Ya, I had heard of anaphylaxis, a severe life threatening allergic reaction. But that would never happen to us, right? That will happen to someone else.
I mean, we ALWAYS waited 30 minutes after allergy shots. You are supposed to wait 30 minutes so that if you have an allergic reaction, the doctor's office can spot it and treat you immediately.
All 3 kids had 5 year's worth of allergy shots, so we had a LOT of time sitting in Asthma Doc's office.
One day, Son #2 was in the hospital (again) with pneumonia. Hubby came to the hospital for his "shift", and I went home with the other two kids.
Son #1 needed his twice a week allergy shots, so we headed up to Asthma Doc's office. It was a Friday night, which meant pizza & video night at our house. So, we decided to get allergy shots, grab a pizza, and take it back to the hospital so we could have pizza & video night there. (The Pediatrics unit has a LOT of movies, games, arts and crafts, etc for kids who are in the hospital.)
As Son #1 was getting his shots, I told Shot Nurse that Son #2 was in the hospital, so we weren't going to stay. We were just going to grab a pizza and head back to the hospital.
She said, "Ah, you guys will be fine. What are the odds that anything will happen?"
Well, OUR odds. We have the worse luck in the world.
We left the office, and I was about a block away when I heard Son #1 coughing. He said, "Mom - I think something is wrong."
I looked in the rear view mirror and will never forget what I saw. His face and neck were bright red. His eyes were glassy and bulging, and the veins on his neck were sticking out.
I almost drove off the road. I flipped the car around and called Shot Nurse on speed dial. She was calm and said she would get the epinephrine ready, but to drive back carefully.
I was shaking so hard I could hardly hold the steering wheel! We made it back to Asthma Doc's office and burst through the door in a panic. She quickly took us to a treatment room and injected Son #1 with epinephrine. She also started a breathing treatment.
She explained that he was having anaphylaxis, a severe allergic reaction. Yep, the ONE time we left early without waiting 30 minutes.
Shot Nurse stayed with us for 2 hours, watching Son #1 and making sure he was stable. She had Asthma Doc fill out a prescription for an epinephrine auto injector.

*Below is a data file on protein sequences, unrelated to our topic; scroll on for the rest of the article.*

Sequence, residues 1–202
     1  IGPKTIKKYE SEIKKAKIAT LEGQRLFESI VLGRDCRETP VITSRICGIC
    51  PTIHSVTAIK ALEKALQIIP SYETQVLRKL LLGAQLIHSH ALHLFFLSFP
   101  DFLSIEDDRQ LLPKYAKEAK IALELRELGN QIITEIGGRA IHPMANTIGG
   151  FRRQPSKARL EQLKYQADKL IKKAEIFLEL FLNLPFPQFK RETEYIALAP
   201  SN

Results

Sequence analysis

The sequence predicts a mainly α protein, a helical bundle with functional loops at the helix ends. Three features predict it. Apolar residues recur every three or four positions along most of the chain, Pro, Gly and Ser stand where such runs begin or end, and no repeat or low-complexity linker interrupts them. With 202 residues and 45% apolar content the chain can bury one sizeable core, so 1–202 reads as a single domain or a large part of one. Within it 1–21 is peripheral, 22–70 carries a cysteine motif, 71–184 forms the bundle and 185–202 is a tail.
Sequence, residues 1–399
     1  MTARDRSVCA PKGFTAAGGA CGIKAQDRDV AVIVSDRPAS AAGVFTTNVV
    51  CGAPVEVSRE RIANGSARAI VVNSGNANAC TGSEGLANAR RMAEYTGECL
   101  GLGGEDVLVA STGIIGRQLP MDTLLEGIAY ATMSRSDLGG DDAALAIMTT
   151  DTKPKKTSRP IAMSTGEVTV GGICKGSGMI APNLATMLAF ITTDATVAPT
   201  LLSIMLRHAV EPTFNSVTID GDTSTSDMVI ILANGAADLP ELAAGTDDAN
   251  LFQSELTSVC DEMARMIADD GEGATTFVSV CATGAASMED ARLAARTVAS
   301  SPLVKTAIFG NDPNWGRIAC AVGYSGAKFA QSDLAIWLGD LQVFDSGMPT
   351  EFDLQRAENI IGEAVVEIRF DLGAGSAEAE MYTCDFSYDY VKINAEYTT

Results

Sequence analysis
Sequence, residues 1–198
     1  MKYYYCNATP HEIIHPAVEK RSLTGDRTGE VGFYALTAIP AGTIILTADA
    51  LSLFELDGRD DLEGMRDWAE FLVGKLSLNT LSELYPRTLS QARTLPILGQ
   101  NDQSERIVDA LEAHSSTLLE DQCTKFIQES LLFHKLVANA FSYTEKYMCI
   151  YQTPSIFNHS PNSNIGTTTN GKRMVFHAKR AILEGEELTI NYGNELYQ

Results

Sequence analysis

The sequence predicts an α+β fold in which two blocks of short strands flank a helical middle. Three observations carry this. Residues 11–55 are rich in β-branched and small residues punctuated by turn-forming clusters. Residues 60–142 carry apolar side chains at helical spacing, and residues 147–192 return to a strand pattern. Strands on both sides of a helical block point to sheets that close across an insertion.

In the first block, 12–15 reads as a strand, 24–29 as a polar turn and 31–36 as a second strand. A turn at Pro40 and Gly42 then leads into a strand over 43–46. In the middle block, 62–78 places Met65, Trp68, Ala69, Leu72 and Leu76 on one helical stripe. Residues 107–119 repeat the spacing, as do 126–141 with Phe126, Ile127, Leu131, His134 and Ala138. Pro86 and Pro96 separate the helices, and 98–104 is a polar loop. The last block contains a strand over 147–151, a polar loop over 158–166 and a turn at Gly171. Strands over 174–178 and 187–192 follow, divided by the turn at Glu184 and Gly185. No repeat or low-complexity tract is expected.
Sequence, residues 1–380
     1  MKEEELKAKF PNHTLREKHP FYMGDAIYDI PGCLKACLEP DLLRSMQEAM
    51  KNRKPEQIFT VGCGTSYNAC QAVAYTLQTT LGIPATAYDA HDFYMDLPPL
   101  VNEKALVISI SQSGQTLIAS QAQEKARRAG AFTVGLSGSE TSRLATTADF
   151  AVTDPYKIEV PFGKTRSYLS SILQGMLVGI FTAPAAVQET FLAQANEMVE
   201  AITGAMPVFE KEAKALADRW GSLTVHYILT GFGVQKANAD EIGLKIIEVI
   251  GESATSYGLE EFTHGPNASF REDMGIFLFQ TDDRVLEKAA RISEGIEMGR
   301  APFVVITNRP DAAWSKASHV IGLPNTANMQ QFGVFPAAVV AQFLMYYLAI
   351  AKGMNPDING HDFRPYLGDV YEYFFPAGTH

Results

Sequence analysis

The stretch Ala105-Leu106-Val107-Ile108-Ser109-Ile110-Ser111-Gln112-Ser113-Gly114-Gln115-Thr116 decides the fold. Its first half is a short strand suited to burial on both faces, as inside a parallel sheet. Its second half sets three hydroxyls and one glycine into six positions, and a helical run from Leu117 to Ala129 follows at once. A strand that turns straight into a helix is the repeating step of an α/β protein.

She let us know that when you have anaphylaxis, you can have a "rebound" - another reaction later that day.
Meanwhile, Hubby is calling. "Hey, I thought you guys were just going to grab a pizza. Where are you?" I blurted out, "I can't talk - he's having anaphylaxis." Hubby could barely get in a "Wait. What?!" Before I hung up so I could concentrate on what Shot Nurse was saying.
After she felt he was stable, she sent us to the pharmacy. Daughter Kitty was following along, and was only 3 or 4 at the time, so she was pretty scared. And to top it all off, we left her favorite stuffed animal at the pharmacy. Great.
So, we show up at the hospital. No pizza. No stuffed animal.
But feeling grateful that my son was still alive.
Back in Son #2's hospital room, I told Hubby what had happened. I think I was still in shock. Pediatric Floor Nurse came in and heard what had happened and assured us that if Son #1 had a "rebound", they could quickly get help for him in the hospital.
We ended up ordering a pizza and having it delivered to the hospital.
So....don't even think about leaving allergy shots without waiting the 30 minutes (or however long your doctor's office asks you to wait.)
It's not worth the risk. Bring a book (you know - they are made of paper and you turn the page.) Or scroll through your cell phone.
Anaphylaxis can and does happen. When you least expect it.
Don't take a chance.